As I've mentioned a few weeks back, I was the happy recipient of an excellent half century birthday present, in the shape of a Cervelo P3 frame and forks. I finally had the opportunity to ride it in anger a couple of days ago in the NBRC New Year's Day 10 mile time trial (reports at Flies&Bikes and at the NBRC website). How did it work out? Well first off, here's the specifications as assembled:
Frame and Forks - Cervelo P3 carbon. Includes seat post
Transmission- Campagnolo Record UT chainset 57/46; Shimano Dura-Ace 10-speed rear mech, 10-speed front mech, 9-speed cassette (cassette varies with wheelset), 9-speed bar end shifters); SRAM 9-speed chain.
Pedals: Speedplay X-1 titanium. Brakes: Campagnolo Record calipers, levers are integral with the handlebars
Handlebars: USE Tulas, on a Cinelli Vai stem.
Saddle: Selle Italia SLR
Wheels: I set this bike up with Corima disk rear and Corima trispoke front, both with Veloflex Record tubulars. For the NYD '10'. I switched to Hed H3 trispoke clincher with Veloflex Record tyres, as I couldn't face dealing with punctured tubs at -4 degrees.
So, two new pieces of kit tried out on 1st January - the frame and forks, and the pedals.
Cervelo P3 - The Cervelo P3 is a pretty well established frameset on the British timetrialling scene these days. It certainly looks aero! It's also very light, due no doubt in part to the thin walls of the fork steerer tube - the forks are by 3T, of which more later. Assembling the bike was pretty straightforward, the only complicated bit being threading the cabling through the frame, though this was easy enough once I remembered how useful a spoke in in that scenario. There's an interesting fitting for the rear brake caliper, but really there's nothing terribly difficult to deal with.
The quality of the finish of the frame is really high quality, with seamless joints and an attractive black and silver grey livery.
The seat pin offers two attachment points for the saddle - this allows a standard or a steeper effective seat tube angle to be selected (I went with the more forward position. Again, while this fitting is not standard, it's not rocket science to figure out how to use it. The seat pin itself fits snugly into the frame, and in use doesn't seem to suffer slippage (as did my Planet X carbon frame). I hope that the interface with the frame will be a little more waterproof than for the Planet X frame...
Now, when the LBS sold us the frame, no steerer bung for use with an aheadset was supplied. I phoned them up an asked, and when I mentioned it was a Cervelo P3, I was informed that there was a "special fitting" for these frames. Quite what that meant was a bit opaque at that point, but all became clear when we popped up to the LBS to collect it. Essentially, these forks don't use an expander bung, but have an alloy sleeve with a built in star-fangled nut, whic has to be glued into the steerer tube with an epoxy adhesive, once the steerer tube has been cut to length.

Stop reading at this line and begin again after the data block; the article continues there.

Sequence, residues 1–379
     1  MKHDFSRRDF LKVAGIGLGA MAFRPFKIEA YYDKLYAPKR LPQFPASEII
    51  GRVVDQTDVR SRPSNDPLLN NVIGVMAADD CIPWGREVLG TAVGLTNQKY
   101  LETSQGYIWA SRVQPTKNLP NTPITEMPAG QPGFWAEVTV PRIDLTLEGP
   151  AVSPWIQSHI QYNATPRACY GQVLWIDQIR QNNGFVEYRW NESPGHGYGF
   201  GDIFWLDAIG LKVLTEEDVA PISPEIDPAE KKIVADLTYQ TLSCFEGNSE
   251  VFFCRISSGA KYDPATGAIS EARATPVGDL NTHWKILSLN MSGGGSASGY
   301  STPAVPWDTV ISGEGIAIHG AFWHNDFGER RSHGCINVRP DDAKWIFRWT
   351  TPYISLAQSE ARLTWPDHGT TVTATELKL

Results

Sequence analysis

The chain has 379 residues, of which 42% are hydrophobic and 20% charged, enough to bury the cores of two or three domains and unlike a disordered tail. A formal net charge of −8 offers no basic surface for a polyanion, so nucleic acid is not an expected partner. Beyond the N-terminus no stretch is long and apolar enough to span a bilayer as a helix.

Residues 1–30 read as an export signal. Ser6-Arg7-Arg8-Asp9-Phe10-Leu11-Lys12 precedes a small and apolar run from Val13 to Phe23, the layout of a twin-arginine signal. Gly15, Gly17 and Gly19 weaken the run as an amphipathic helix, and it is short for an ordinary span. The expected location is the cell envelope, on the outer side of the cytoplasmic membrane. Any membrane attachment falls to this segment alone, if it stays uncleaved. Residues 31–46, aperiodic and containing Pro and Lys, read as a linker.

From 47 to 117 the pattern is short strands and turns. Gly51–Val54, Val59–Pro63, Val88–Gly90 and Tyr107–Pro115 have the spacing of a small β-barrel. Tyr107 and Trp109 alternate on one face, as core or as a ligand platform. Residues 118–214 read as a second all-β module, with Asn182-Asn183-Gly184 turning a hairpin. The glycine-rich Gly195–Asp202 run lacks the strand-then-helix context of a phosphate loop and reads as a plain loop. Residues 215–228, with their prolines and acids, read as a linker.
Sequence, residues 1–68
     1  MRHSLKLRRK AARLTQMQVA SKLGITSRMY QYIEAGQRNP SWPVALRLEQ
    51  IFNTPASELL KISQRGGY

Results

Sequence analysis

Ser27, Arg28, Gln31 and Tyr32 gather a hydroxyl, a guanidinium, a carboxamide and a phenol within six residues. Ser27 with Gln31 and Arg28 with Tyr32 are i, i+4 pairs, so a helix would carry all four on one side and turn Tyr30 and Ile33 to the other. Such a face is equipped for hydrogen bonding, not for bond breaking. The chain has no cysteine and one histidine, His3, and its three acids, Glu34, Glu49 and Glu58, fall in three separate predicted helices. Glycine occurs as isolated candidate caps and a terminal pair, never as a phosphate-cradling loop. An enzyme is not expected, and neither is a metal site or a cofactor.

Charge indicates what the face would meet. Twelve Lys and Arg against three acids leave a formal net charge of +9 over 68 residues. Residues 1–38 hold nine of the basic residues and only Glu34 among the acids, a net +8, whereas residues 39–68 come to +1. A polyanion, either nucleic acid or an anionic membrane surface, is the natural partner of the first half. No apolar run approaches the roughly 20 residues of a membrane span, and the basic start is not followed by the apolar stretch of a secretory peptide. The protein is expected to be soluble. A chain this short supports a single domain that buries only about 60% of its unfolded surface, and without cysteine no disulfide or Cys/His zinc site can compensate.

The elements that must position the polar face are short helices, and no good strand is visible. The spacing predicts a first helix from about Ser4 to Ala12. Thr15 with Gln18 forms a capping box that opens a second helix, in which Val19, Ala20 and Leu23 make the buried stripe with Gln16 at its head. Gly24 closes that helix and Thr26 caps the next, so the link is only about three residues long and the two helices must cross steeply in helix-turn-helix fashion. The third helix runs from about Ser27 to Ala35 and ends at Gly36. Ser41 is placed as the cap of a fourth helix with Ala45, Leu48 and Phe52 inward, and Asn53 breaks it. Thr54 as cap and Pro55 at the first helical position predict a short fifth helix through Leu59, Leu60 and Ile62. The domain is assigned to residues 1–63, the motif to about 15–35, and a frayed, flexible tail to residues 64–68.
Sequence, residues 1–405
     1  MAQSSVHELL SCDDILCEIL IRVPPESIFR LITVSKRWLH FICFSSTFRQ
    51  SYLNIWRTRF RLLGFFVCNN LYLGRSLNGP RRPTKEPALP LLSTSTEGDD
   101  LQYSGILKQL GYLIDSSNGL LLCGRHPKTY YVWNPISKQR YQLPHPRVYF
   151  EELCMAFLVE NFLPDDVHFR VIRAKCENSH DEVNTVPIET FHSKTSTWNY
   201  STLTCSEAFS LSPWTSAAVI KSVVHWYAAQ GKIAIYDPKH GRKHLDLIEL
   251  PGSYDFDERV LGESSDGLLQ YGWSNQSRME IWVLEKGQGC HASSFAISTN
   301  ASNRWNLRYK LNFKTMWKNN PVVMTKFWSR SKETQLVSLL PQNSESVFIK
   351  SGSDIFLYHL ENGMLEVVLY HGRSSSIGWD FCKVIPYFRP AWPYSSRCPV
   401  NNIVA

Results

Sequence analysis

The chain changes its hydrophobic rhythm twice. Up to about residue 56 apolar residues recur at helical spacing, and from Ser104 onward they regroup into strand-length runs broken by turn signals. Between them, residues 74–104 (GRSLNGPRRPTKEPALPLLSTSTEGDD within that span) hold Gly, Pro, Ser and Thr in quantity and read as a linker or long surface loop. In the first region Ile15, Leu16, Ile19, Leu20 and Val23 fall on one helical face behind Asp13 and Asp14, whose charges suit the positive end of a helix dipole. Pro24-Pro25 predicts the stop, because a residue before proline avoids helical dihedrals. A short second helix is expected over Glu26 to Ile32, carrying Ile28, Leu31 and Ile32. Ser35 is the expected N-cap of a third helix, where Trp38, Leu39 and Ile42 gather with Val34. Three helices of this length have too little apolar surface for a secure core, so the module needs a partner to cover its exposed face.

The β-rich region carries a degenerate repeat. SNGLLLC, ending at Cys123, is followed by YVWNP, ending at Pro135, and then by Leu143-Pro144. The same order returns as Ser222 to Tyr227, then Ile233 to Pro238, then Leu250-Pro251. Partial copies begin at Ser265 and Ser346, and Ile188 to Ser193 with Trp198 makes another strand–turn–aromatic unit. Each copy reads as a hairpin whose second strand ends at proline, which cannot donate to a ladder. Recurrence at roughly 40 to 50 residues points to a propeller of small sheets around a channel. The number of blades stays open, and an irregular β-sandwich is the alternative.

On the road, the bike worked very nicely, thought he steering was a bit twitchy at slower speeds while riding down to the club room. This effect was a bit disconcerting, and seemed to be related to my pedalling (it stopped twitching when I was freewheeling). However, and much to my relief, the bike was completely stable when I was at racing speed. All in all, a damned fine frame and forks, albeit a bit alarming at low speed...
Speedplay X-1 titanium pedals Over the years, I've used (and in fact still use) a variety of clipless pedal systems: Shimano SPDs on the touring/commuting bike; Campagnolo Pro-Fits on a couple of TT bikes and the summer bike; Look pedals on other road bikes. I decided to give Speedplays a go, and for this new TT bike, got a pair of Speedplay X-1 titanium pedals. These are the pedals that look like small lollipops, with the clip mechanisms being within the shoe plate. They offer a startling amount of float - indeed, I was a little concerned that disengaging the show might be a problem. In the event, clipping in and out is very smooth, and I very quickly got used to the amount of float offered by these pedal (there's no float adjustability on this model). Fitting the shoe plates is a lttle comples, with a srprisingly lenghty set of instructions. Much of this revolves around the need to mount them with appropriate spacers so the plates are mounted flat. Close inspection revealed that the soles of my slightly aged Specialized S-Works shoes matched the default spacer set perfectly, so these were the shoes I chose.
To be updated as the 2010 season unfolds...
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